Necessity is branded as the mother of inventions. The Space Shuttle was launched to help explore the space. This paper will analyze the Space Shuttle Challenger disaster that occurred immediately after its launch. It will give an account of events as they happened. Solutions will be offered at the end of this analysis.
Space Shuttle Challenger was a second space shuttle obiter developed by NASA. The shuttle completed approximately nine missions before crashing on the 73rd second after the launch. The disaster of Space Shuttle Challenger occurred over the Atlantic Ocean in the United States. This crash resulted to the death of seven people and it became the first shuttle to be destroyed. NASA contracted Morton Thiokol Inc. to engineer the solid rocket booster used in the space shuttle.
Summary of the case
NASA contracted Morton Thiokol to engineer a solid rocket booster based on the design of Air Force Titan III (Wikipedia, 2012). It steel case was divided into segments joined and sealed by O-rings made of rubber. There was a second O-ring added to every joint to act as a back-up in case the first O-ring failed. In 1977, unexpected joint rotation was discovered. It had decompressed the O-rings making them unable to seal the joints. A review commission reported that the second O-ring would provide redundancy should joint failure occur. NASA nullified the idea of failure by insisting that the rings embodied a safety factor.
In 1986, the prediction by weather forecasters showed unusual cold conditions for Florida. Thiokol engineers raised concern that during cold temperatures, the O-rings harden and fail to seal the joints properly. It is at this time that Roger Boisjoly was consulted. He was expected to show evidence that O-ring damage was connected to cold temperatures. Although Boisjoly lacked facts to quantify his argument, he did not recommend for the shuttle launch at that temperature. After analyzing their thoughts on Thiokol’s recommendations, they agreed to go ahead with the launch. The Space Shuttle Challenger was launched the following morning. After 73 seconds, the shuttle exploded and killed everybody on board (Choo, 2006).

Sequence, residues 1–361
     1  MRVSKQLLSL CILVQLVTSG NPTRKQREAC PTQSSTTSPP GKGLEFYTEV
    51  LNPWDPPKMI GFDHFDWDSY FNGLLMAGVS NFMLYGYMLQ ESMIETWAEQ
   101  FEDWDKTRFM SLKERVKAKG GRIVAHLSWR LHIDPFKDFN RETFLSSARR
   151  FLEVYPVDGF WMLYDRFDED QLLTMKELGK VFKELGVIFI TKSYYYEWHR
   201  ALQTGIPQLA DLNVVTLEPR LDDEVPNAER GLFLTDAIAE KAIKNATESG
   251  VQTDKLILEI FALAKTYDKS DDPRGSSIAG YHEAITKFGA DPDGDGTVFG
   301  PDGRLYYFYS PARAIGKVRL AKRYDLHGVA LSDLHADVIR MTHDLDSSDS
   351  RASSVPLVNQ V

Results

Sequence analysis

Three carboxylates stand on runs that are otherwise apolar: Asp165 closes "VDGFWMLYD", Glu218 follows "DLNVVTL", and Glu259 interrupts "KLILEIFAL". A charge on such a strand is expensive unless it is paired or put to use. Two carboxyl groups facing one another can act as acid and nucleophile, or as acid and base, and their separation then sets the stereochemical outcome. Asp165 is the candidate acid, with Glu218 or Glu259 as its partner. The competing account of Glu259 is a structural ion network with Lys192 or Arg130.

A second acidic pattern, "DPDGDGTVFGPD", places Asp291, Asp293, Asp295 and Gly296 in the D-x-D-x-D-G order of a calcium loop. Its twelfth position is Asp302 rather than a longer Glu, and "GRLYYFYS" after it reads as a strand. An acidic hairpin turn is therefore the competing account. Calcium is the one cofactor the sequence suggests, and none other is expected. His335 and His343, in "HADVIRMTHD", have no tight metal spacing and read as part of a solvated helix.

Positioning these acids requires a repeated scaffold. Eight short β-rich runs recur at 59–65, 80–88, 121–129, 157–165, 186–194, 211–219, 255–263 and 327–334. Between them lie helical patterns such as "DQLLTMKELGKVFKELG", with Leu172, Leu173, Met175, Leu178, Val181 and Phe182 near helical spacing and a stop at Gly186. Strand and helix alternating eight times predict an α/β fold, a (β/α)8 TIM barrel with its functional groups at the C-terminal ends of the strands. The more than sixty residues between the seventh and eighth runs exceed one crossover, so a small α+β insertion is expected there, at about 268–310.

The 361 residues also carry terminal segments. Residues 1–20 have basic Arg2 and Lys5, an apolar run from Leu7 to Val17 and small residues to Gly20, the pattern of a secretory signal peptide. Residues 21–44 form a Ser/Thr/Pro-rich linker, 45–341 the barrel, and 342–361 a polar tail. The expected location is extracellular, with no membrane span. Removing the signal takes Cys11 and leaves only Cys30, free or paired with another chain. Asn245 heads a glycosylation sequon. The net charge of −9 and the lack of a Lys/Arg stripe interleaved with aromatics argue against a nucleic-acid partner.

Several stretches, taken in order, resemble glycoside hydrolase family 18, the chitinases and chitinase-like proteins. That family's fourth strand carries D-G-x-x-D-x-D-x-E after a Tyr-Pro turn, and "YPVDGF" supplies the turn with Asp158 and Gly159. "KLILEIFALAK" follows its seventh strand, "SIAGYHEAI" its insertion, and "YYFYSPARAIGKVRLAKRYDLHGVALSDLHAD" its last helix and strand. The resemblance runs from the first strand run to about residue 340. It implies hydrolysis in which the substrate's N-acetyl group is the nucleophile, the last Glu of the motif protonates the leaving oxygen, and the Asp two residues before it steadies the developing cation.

Analysis of what went wrong
The Challenger disaster was caused by an organizational and social misconduct that originated from taking aspects for granted. The information from engineers portrayed potential danger ahead, but was reinterpreted to mean an acceptable joint performance. As a result, NASA officially, announced it within acceptable risk. The deviance and reinterpretation was fuelled by three factors. One of them was the culture of production maintained by the Shuttle Rocket Booster (SRB) work group. The second factor was the culture of production. This was portrayed by the engineering bodies and consisted of institutionalized beliefs. The third one was structural secrecy. This prevented all the stakeholders from knowing the details of the O-ring problem. The decision to launch the Challenger was rule-based one. The cultural considerations that used to work previously such as rules, procedures, understandings, and norms did not work at the time of the launch. Logically, it can’t be concluded that the violation of rules done by managers caused the tragedy. It was moral conformity.
The process of Space Shuttle launch was a matter of life and death to the astronauts. This should have influenced the final decision. The engineers would have been allowed to find a viable solution to manage the situation between O-ring and the temperatures. Alternatively, the Space launch should have been delayed until the temperatures became favourable. Safety should have taken precedent in the management’s decision making. Before branding the effect of cold temperature on O-rings as an acceptable risk, consultation should have been held with the engineers.